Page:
There have been a number of research studies published that question the value of Electronic Health Records (EHRs), particularly as it pertains to improving quality of care and ultimately outcomes. Chilmark has always viewed these reports with a certain amount of skepticism. Simple logic leads us to conclude that a properly installed (including attention to workflow and thorough training) of an enterprise software system such as an EHR will lead to a certain level of standardization in overall process flow, contribute to efficiencies and quality in care delivery and ultimately lead to better outcomes. But to date, there has been a dearth of evidence to support this logic, that is until this week.
Last week the New England Journal of Medicine published the research paper: Electronic Health Records and Quality of Diabetes Care, which provides clear evidence, albeit a little fuzzy around the edges, that physician use of an EHR significantly improves quality metrics over physicians who rely on paper-based medical record keeping processes.
The research effort took place in Cleveland as part of Better Health Greater Cleveland from July 2009 till June 2010 and included 46 practices representing some 569 providers and over 27K adults with diabetes who visited their physician at least twice during the study period. Several common quality and outcome measures were used to assess and compare EHR-based care to paper-based. On composite standards of quality, EHR-based practices performed a whooping 35% better than their paper-based counterparts. On outcome measures, which are arguably more difficult for physicians as patients’ actions or lack thereof are more integral to final outcomes, EHR-based practices still outperformed their paper-based peers by some 15%. The Table below gives a more detailed breakout.
There remains an unhealthy level of skepticism in the market as to whether or not consumers will use a personal health record (PHR). While a certain level of skepticism is healthy in any market, the level to which it is laid towards PHRs is unwarranted and likely more a function of ignorance then malicious intent. Following is a brief PHR case study that provides validity to the mantra that a patient who is provided access to their personal health information (PHI) via a PHR can become a more engaged patient in self-managing their health. What is particularly striking about this story is that it is does not take place in middle-class America, where many have targeted their PHR initiatives, but rather among the urban poor.
Last week, I met with Dr. Nunlee-Bland, Director of Howard University Hospital’s (HUH) Diabetes Treatment Center, who graciously provided the context and content for this remarkable story.
Empowering the Urban Poor to Self-Manage Their Diabetes:
In 2008, HUH received a grant from the Dept of Health, DC to launch a diabetes treatment program primarily targeting urban poor. As part of this grant, HUH launched a PHR initiative creating a patient portal using NoMoreClipboard (NMC), linking NMC to their clinical diabetes EHR, CliniPro from NuMedics. The PHR provides patients with access to their problem list, vitals (height, weight, blood pressure, BMI), medication lists, basic lab results, A1C results (can be charted for track and trend) and basic demographic information. While Dr. Nunlee-Bland stated that HUH has no reason not to provide patients with full access to all PHI, they have purposely kept the PHR simple and focused on the treatment of diabetes.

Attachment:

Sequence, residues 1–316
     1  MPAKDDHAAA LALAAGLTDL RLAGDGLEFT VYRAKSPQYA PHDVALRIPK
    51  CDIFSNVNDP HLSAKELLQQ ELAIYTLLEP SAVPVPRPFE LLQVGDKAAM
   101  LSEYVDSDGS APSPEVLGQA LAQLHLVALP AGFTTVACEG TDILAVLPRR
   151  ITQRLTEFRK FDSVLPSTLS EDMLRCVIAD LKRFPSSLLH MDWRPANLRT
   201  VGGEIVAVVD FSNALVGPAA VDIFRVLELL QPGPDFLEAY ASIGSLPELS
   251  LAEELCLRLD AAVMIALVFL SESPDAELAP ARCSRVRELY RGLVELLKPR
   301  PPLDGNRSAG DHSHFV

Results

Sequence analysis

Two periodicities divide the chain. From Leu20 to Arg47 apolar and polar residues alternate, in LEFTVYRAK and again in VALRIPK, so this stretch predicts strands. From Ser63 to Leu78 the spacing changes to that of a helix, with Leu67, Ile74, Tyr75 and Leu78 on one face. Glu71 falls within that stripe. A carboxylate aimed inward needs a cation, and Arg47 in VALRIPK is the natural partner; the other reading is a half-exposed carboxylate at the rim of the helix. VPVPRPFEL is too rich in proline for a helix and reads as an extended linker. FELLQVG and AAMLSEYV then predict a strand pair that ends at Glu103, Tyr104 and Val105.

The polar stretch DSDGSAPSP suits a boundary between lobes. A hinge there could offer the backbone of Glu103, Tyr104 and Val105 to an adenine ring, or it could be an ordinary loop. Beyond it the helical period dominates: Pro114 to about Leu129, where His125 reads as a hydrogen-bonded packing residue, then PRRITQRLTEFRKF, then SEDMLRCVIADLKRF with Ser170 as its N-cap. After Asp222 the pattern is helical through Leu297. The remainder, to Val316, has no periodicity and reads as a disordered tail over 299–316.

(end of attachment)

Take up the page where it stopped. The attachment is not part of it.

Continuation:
We have just opened the 2010 DiabetesMine Design Challenge. This year, we’ll be selecting THREE Grand Prize winners to EACH receive $7,000 in cash and a support package to help winners realize and commercialize their design ideas.
There’s also $1,000 each for the Most Creative Idea and Kids’ Categories.
And… Community Voting! The community will select the contest finalists in open voting taking place in mid-May.
So… Do you have an idea for an innovative new diabetes device or web application? The contest is open to ANYONE with a good idea: patients, parents, startup companies, design & medical students, developers, engineers, etc.
Please have a look at www.diabetesmine.com/designcontest
As we work to change health care in America, we must recognize the need to dramatically change diabetes. Twenty-four million Americans have diabetes at a cost to our nation of an estimated $218 billion for diabetes and pre-diabetes, according to a series of studies recently published in Population Health Management. Imagine the effects diabetes will have on our health and economy in the future if we don’t take action now. The prevalence and economic burden of undiagnosed and pre-diabetes make the case for the importance of policies that promote early diagnosis and prevention. About 25 percent of Americans with diabetes aren’t even aware they have the disease. And, those with undiagnosed diabetes result in $18 billion in health expenses, or $2,864 per person each year, according to one of the studies mentioned above.
July 14 at 4 pm ET, 14,000 people with diabetes are going to test their blood sugar simultaneously and share their results online to help raise diabetes awareness. People with diabetes have to test their blood sugar as part of their daily routine: it’s like drinking water or brushing your teeth. Participating is easy: if you are a member of TuDiabetes or EsTuDiabetes, click on the home page banner and share your reading; if you have a Twitter account, post your reading on Twitter (use the #14KPWD hashtag) and link back to: http://14kPWD.org; if you prefer, update your status on Facebook or your preferred social network, linking back to: http://14kPWD.org. If you are a few minutes late, however, or are able to post your blood sugar reading earlier or later that day, it’s OK. What really matters is that you test your blood sugar regularly. If you don’t have diabetes, just tell someone who does to test and share on July 14.